▼ The Commander X16 is an upcoming new Commodore 64 like 8-bit computer built from currently available parts, as explained in Youtube playlist. After watching some of the more recent videos, I decided to download the emulator... and tried out some BASICODE on it.
Why a new 8-bit computer?
Part of this is of course middle aged nerds wanting to relive their childhoods. Not discounting that aspect, I do think there was something special about the 8-bit home computers from the 1980s. Because those systems were so limited, they dispensed with all overhead and just gave you the minimum needed to write and run programs. So it was easy to write programs like games yourself.
And for some reason, for me at least, none of that translated to more modern systems like the Amiga. Not too long after I got an Amiga, I learned C in college, and ended up writing relatively low level code such as my own traceroute implementation. But I never wrote anything that uses the graphical capabilities of the Amiga, PC or Mac. (Unless you count some more recent web stuff.)
Now obviously those old computers can still be found, but it's getting harder and harder to use them, as compatible displays and I/O options are becoming more scarce. Some kind of emulation such as the THEC64 works well to run the old software more easily, but has nothing to do with the old hardware. Part of the charm of those 8-bit computers is that a single person can understand the whole thing, software and hardware.
So that's where the Commander X16 comes in. The basic idea is to start with a VIC-20, which is an extremely simple design with many parts still available, and then update some parts as necessary.
The biggest issue was finding a good graphics chip with abilities similar to the C64's VIC-II chip. They couldn't find any, so they use an FPGA-based video controller instead, with 128 MB of its own video RAM and also an SD card interface for storage. Audio options were also less than ideal, so it looks like they're also going to use the VERA FPGA video controller for audio.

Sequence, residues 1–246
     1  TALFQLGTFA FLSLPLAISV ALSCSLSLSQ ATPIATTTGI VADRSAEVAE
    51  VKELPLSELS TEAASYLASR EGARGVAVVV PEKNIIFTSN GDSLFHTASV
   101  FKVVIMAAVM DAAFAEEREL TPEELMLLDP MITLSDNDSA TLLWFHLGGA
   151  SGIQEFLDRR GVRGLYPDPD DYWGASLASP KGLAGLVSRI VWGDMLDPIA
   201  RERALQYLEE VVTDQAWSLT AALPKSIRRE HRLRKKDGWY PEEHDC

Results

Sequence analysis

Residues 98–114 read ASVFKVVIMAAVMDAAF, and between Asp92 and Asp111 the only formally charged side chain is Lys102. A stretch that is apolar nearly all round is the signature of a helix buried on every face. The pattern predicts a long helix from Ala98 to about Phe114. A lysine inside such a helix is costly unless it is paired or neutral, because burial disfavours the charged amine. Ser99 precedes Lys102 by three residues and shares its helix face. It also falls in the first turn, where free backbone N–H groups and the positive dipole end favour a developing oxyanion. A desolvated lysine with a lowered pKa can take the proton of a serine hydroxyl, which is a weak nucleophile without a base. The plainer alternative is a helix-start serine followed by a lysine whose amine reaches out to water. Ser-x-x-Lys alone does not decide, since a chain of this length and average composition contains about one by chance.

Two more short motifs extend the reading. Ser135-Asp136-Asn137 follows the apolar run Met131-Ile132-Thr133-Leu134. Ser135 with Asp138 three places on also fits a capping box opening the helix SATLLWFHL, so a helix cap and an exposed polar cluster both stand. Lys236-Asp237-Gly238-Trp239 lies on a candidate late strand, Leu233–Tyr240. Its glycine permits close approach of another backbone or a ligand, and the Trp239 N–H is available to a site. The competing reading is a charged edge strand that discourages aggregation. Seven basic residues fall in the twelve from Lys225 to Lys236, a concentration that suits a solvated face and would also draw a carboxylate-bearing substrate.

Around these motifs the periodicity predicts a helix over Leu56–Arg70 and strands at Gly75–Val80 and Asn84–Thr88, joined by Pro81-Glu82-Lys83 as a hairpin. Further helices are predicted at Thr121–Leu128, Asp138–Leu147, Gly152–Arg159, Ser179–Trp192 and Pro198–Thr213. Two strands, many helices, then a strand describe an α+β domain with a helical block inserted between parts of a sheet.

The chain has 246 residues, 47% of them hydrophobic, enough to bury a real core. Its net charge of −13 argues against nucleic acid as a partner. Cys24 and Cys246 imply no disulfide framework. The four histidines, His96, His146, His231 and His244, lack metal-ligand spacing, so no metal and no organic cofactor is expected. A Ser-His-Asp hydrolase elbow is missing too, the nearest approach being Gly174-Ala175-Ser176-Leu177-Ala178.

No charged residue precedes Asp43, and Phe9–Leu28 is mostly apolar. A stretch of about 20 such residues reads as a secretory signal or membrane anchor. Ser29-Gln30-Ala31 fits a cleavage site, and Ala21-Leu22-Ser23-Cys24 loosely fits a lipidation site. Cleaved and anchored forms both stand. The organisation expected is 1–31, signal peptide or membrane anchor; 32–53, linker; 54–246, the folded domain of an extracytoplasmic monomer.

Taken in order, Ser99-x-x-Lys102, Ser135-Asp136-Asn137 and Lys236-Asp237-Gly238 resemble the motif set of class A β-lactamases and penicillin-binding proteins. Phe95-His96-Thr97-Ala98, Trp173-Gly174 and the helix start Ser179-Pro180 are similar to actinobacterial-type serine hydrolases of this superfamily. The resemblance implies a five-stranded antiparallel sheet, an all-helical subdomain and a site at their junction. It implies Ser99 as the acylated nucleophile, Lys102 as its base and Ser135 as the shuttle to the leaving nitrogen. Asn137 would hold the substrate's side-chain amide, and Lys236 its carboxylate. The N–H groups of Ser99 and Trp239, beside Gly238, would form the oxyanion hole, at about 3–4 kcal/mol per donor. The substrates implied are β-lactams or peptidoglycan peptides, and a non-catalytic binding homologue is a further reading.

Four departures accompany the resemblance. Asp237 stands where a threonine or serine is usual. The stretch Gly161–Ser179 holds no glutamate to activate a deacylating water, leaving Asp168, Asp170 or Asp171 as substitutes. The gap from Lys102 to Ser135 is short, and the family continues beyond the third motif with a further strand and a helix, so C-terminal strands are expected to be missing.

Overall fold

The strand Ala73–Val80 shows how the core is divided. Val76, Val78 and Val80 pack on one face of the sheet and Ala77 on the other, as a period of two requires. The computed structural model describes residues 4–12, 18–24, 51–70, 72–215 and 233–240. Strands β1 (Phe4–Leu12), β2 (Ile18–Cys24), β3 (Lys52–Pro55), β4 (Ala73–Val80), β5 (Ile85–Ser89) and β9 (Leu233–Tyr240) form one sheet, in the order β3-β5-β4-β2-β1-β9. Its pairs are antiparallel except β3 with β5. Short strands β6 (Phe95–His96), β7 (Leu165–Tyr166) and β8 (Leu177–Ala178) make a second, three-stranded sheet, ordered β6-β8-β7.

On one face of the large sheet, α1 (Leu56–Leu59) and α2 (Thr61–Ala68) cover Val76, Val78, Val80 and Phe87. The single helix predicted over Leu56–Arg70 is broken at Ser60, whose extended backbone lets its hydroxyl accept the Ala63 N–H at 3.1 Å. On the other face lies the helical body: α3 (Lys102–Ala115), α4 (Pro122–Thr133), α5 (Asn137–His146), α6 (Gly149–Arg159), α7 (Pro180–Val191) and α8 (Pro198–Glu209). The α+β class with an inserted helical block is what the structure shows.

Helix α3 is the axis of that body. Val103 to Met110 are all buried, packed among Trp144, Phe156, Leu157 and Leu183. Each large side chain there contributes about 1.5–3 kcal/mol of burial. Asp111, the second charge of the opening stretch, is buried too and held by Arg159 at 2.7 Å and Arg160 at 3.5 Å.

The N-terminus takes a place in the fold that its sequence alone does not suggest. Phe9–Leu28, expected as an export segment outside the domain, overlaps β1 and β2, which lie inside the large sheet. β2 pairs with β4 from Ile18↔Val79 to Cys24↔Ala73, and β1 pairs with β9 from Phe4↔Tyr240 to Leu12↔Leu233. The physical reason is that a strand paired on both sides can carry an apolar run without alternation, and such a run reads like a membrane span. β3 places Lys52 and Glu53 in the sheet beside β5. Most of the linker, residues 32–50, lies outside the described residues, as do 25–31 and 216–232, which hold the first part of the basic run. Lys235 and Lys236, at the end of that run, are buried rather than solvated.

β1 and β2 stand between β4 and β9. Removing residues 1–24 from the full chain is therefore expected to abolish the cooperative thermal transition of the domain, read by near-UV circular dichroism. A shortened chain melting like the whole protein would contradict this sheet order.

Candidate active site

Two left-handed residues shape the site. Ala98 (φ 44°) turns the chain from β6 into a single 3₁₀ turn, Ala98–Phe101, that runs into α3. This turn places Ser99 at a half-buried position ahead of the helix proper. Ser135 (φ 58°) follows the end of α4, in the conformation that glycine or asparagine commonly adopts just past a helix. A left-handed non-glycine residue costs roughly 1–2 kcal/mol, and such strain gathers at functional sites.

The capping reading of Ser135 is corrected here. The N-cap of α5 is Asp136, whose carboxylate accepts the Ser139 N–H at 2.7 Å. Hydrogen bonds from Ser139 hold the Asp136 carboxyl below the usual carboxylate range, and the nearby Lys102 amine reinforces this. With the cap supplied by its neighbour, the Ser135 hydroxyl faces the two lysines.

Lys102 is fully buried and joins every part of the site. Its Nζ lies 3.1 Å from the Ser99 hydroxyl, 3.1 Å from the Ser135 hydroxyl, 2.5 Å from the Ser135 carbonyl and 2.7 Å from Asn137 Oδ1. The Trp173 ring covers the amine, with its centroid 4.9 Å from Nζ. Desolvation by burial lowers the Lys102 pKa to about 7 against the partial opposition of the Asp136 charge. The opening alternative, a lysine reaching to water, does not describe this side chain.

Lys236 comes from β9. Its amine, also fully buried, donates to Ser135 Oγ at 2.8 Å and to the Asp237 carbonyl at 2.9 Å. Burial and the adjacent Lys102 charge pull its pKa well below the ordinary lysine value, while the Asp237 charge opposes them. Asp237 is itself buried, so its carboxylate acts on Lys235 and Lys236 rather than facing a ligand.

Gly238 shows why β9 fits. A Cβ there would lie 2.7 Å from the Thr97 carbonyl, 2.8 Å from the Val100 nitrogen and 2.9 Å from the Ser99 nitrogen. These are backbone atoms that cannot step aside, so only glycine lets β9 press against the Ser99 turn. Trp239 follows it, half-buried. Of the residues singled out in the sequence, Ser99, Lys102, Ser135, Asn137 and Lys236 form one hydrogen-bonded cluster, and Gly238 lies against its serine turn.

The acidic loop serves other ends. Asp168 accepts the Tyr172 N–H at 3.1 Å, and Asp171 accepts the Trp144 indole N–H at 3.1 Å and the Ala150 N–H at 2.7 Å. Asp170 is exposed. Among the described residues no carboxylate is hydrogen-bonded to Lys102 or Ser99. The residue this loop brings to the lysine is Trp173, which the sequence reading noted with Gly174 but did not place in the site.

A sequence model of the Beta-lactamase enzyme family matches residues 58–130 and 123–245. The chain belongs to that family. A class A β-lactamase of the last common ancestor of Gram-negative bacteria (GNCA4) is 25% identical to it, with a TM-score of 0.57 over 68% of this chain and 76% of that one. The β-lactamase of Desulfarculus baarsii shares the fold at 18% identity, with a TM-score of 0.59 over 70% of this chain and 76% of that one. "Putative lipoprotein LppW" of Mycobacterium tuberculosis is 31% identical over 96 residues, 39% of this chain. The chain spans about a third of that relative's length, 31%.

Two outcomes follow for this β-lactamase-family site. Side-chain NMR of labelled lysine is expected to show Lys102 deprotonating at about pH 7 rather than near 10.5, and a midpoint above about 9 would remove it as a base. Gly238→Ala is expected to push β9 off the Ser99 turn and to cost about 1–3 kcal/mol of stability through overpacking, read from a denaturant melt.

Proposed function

The VERA will output 640x480 analog VGA, with various text and graphics modes.
The CPU will be an 8 MHz 6502. It's really too bad that they didn't choose the 65816, a backwards compatible 16-bit successor of the 6502. The X16 will have 40 kB of regular RAM (minus a bit for hardware registers) followed by 8 kB of "bankable" RAM. That's 512 kB or 2 MB of additional RAM, but the 6502 can't address that much memory, so at any one time, 8 kB of the extension RAM can be mapped into the 6502's address space. The ROM works in a similar way, with one 16 kB bank out of a total 512 kB available at any time.
The X16 will support a PS/2 keyboard and mouse as well as various extension options. Unfortunately, there is no RS232 port or any other way to communicate with the rest of the world included. So that means either an extension card or swapping out that SD card on a regular basis.
They eventually licensed the C64 BASIC and “KERNAL”, so BASIC programs or even machine code / assembly programs that only uses the system interfaces and don't try to directly use the C64 hardware will run on the X16. On the one hand, that's nice because it's familiar to people who've programmed on the C64 and it will be possible to port over C64 programs relatively easily, but on the other hand, even within the limitations of an 8-bit computer there are a lot of things we could do better these days. For instance, the C64 uses a weird variation of ASCII that makes exchanging text pretty annoying.
BASICODE on the X16
So I wanted to see what it would take to run BASICODE on the X16 using the emulator. I didn't know yet they'd licensed the C64 ROMs so I was surprised to see how compatible the X16 really is with C64 BASIC and C64 system calls. For the most part, the only thing I had to do is change my cursor position code a bit to use the official API call rather than jump directly to the KERNAL code.
But... Cursor positioning once again turned out to be my nemesis. Although the C64 has a 40-column screen, when you move beyond column 39, you continue on to 40, 41 and so on, until 79. That way, you can type lines of BASIC longer than 40 characters. So that creates trouble with BASICODE programs try to figure out the size of the screen. For the C64, I just made sure you couldn't go beyond column 39 and line 24.
The X16's default text mode is 80x60 and it can also run in 40x30. So I had to figure out which mode we're in to tell the difference between the actual column 40 on a 80x60 screen, or the face column 40 on a 40x30 screen. BASICODE programs may also try to figure out the size of the screen by specifying line 100 or so and see on which line they actually end up. But specifying a line outside the actual screen hangs the computer (or emulator). So I had to work around that, too. Eventually I managed to do all of that, and that same code now runs correctly on the C64 and the X16 both in 80x60 and 40x30 mode.
I've updated the my C64 BASICODE subroutines here. Here are some BASICODE programs in English. I like Sea Wars, which is a pretty good version of Battleship, which can run in Dutch, English, French and German. This is the PRG file that will run on the C64 or Commander X16: seawars.prg.
Permalink - posted 2021-05-30